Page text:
It also contains provisions aimed at referring robocall violations to the Justice Department, combatting one-ring scams, and conducting interagency efforts to improve intergovernmental cooperation on combatting robocalls.
In a statement released after the committee vote, Chairman Pallone said, “This legislation will ensure every call Americans get is verified by Caller ID and that consumers can block calls they don’t want. I look forward to having the full House vote on our bill soon.”
In a joint statement, ranking members Walden and Latta said, “The truth is, these calls go well beyond annoying; illegal robocalls are a destructive scourge — scamming consumers and disrupting our health care system. The bill requires carriers to adopt a call-authentication tool and blocking service, both free of charge, so we can trust our caller ID again. Further, it gives some added teeth for the FCC, who will now get up to four years to catch illegal callers as well as authority to fine first time offenders. By ensuring calls are verified, giving the FCC new tools to crack down on bad actors, and empower consumers to take action against illegal robocallers. It’s about time.”
During his opening statement, communications subcommittee Chairman Doyle said that “Americans received nearly 48 billion last year alone, which is a 60% increase from year before,” and that robocalls are expecting to increase to 60 billion this year.
The Voice on the Net (VON) Coalition issued a statement supporting the Stopping Bad Robocalls Act. Chairman Pallone submitted into the record letters of support for the bill from AARP and Consumer Reports, among others.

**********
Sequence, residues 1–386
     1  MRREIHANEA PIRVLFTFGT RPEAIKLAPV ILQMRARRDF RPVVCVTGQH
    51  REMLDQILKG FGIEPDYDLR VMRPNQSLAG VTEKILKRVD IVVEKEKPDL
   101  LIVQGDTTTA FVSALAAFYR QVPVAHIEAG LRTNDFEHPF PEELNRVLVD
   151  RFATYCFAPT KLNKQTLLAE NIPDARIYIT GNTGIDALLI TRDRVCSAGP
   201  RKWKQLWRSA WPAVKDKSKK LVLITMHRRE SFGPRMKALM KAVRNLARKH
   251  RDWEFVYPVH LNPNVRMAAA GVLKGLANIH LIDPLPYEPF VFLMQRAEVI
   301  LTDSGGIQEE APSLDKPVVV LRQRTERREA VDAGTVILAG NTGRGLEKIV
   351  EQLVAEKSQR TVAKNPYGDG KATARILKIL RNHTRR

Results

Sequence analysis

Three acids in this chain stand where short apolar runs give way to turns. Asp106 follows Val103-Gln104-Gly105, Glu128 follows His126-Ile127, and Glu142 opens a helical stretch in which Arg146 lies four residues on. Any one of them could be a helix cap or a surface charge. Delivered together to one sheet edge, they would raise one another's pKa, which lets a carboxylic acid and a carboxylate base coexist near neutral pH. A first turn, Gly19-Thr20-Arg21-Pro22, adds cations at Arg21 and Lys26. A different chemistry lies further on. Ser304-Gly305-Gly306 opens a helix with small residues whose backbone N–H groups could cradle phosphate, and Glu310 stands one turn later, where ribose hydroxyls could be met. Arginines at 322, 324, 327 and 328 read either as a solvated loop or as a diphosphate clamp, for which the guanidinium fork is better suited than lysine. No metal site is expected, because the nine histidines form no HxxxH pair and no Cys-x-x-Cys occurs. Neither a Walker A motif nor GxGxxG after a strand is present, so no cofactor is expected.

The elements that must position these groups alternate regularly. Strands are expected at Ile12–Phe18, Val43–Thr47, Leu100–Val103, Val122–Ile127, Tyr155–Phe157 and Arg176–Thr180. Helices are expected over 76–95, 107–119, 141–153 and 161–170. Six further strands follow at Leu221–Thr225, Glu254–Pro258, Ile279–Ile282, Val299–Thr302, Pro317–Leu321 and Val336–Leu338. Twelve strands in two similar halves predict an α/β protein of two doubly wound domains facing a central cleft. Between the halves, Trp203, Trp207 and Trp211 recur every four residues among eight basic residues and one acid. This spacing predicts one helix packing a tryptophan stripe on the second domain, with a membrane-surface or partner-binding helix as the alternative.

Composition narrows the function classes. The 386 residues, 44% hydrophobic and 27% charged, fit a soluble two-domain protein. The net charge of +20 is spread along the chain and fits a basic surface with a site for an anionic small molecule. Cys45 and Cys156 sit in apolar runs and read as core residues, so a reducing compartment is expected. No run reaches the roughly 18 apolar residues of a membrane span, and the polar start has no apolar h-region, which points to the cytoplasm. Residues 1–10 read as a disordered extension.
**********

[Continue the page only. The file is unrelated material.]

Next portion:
The committee also approved on voice vote with no amendments four cybersecurity bills: the Enhancing Grid Security through Public-Private Partnerships Act (HR 359); the Cyber Sense Act (HR 360); the Energy Emergency Leadership Act (HR 362); and the Pipeline and LNG Facility Cybersecurity Preparedness Act (HR 370).
The energy subcommittee approved all four bills in May (TR Daily, May 16).
HR 359 would direct the Department of Energy to encourage public-private partnerships to improve the cybersecurity of electric utilities. It would seek to improve sharing of best practices and data collection and provide cybersecurity training and technical assistance to electric utilities.
HR 360 would create a voluntary DoE “Cyber Sense” program that would identify and promote cyber secure products for use in the bulk-power system. It would establish a testing process for products and procedures for reporting cybersecurity vulnerabilities.
HR 362 would create within the Department of Energy an assistant secretary position subject to Senate confirmation, with responsibility for infrastructure, cybersecurity, emerging threats, supply, and emergency planning, coordination, response, and restoration; and for providing technical assistance, support, and response capabilities with respect to energy security threats, risks, and incidents at the request of a state, local, or tribal government or an energy sector entity.
HR 370 would require DoE to implement a program to coordinate federal agencies, states, and the energy sector to ensure the security, resiliency, and survivability of natural gas pipelines, hazardous liquid pipelines, and liquefied natural gas facilities. —Lynn Stanton, [email protected]